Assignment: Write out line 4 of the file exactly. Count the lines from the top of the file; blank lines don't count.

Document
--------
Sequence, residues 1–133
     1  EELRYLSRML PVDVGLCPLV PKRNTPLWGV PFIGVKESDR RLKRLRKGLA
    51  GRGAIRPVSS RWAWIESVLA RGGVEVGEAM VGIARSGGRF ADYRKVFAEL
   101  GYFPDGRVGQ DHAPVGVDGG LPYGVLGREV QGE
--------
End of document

   101  GYFPDGRVGQ DHAPVGVDGG LPYGVLGREV QGE